Suarez acknowledged the recent gift from the Knight Foundation and Phillip and Patricia Frost to the Institute for Data Science and Computing. 

“We've had the philanthropic community of Miami really rally around this issue and start to put in the resources to help us be more competitive,” said Suarez. “Now is the time to invest in our education and university system, so we can create the best talent there is and narrow the gap between our system and those of Ivy League schools and produce the premier institutions of America.”

The mayor mentioned that the $100 million SoftBank investment initiative (from the largest hedge fund in the world) to directly fund and support Miami-based businesses was the turning point for his campaign and what really brought the hype to life.

According to Suarez, the CEO of SoftBank, Marcelo Claure, is open to investing more and mentioned to him that “100 million was just a number they came up with, the real truth is that there is no limit to what they are willing to invest because they have to deploy a billion dollars of capital a week.”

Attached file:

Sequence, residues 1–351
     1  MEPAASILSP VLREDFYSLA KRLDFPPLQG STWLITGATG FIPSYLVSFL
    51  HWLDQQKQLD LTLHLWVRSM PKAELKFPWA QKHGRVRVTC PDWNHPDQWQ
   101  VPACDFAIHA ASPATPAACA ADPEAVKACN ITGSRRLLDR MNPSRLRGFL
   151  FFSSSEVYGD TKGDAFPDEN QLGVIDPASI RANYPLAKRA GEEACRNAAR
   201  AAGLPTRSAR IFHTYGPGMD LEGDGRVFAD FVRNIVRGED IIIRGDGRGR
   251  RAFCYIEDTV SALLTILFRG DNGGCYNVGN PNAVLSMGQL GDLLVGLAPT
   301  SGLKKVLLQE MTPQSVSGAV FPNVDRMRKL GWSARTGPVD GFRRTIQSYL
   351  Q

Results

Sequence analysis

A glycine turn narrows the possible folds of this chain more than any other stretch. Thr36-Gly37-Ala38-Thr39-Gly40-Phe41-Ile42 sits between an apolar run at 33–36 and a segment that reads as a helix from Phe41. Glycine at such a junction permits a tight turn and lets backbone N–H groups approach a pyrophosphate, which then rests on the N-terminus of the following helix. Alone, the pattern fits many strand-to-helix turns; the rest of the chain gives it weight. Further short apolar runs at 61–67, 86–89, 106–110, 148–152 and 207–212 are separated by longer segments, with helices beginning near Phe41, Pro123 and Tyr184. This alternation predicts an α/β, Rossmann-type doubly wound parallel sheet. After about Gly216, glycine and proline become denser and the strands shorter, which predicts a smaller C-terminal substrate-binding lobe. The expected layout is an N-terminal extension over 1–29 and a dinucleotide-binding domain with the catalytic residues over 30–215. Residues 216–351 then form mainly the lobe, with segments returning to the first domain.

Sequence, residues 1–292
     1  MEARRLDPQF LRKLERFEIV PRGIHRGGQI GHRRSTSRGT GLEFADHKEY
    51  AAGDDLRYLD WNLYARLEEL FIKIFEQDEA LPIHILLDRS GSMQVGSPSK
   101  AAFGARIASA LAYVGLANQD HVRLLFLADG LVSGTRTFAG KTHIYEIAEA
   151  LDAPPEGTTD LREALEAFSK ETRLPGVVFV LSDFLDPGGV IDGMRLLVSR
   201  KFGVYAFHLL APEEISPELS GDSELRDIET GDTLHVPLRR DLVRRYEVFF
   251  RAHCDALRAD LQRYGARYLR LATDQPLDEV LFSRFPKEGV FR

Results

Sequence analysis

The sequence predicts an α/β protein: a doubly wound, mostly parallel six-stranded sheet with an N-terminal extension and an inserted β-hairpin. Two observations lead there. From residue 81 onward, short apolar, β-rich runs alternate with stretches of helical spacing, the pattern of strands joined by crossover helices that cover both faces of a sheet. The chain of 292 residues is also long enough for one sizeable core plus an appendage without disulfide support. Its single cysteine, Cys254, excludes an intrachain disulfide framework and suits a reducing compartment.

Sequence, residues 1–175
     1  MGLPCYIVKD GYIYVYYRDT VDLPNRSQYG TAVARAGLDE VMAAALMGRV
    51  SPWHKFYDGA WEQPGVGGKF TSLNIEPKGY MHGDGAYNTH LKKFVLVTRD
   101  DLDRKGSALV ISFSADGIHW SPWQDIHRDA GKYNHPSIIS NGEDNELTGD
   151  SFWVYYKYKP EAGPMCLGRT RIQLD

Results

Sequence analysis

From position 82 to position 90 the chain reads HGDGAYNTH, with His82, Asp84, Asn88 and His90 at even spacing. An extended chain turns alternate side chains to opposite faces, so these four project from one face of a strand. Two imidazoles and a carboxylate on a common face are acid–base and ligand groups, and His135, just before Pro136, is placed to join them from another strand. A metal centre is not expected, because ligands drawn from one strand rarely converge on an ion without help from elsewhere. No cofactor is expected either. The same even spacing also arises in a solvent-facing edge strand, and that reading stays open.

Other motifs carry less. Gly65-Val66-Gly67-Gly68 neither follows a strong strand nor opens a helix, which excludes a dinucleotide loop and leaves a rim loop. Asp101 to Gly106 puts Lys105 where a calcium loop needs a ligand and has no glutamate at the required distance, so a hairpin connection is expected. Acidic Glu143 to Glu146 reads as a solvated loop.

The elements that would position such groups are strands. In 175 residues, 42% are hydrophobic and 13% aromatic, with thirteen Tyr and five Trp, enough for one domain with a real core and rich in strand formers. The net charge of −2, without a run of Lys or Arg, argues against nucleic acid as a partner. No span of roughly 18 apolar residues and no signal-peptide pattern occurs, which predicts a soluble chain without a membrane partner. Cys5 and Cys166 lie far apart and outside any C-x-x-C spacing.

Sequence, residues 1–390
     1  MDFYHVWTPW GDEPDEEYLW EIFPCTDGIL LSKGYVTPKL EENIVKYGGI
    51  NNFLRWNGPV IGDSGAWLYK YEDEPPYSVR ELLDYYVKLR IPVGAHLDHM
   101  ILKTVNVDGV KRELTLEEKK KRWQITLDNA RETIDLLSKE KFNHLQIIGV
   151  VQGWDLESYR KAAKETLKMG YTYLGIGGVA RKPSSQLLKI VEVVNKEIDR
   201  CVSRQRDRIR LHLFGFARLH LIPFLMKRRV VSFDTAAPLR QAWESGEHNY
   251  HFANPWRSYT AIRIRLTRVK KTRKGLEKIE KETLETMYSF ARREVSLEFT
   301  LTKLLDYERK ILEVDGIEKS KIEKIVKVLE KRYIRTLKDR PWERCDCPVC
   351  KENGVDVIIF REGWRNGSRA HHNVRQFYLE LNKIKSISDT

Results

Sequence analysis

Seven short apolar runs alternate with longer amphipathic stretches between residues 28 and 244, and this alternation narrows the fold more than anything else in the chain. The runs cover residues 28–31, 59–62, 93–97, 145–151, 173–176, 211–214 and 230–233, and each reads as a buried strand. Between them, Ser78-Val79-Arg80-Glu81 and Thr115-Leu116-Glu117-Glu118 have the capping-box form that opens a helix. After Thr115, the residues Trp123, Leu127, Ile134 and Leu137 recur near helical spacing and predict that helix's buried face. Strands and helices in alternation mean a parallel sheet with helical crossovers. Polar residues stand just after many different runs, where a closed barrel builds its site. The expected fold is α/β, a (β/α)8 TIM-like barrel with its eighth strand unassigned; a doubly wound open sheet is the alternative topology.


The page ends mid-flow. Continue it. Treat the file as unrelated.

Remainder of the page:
Suarez said that he believes that “biotech, clean energy tech, and fintech and cryptocurrency are the three areas where Miami specifically has a legitimate right to come out as a world leader.”

The mayor also noted that “to come out as a world leader in biotech, we have the largest health care systems in the world and universities that focus on cancer research. The City of Miami has taken a forward position on fintech, so involving innovative technology is a natural fit,” he added. “And being in the epicenter for climate change and adaptation in the country means we have an opportunity to lead in clean energy tech and create the kinds of technology that are going to allow us to adopt and mitigate and reverse the effects of climate change, like no other city in America.”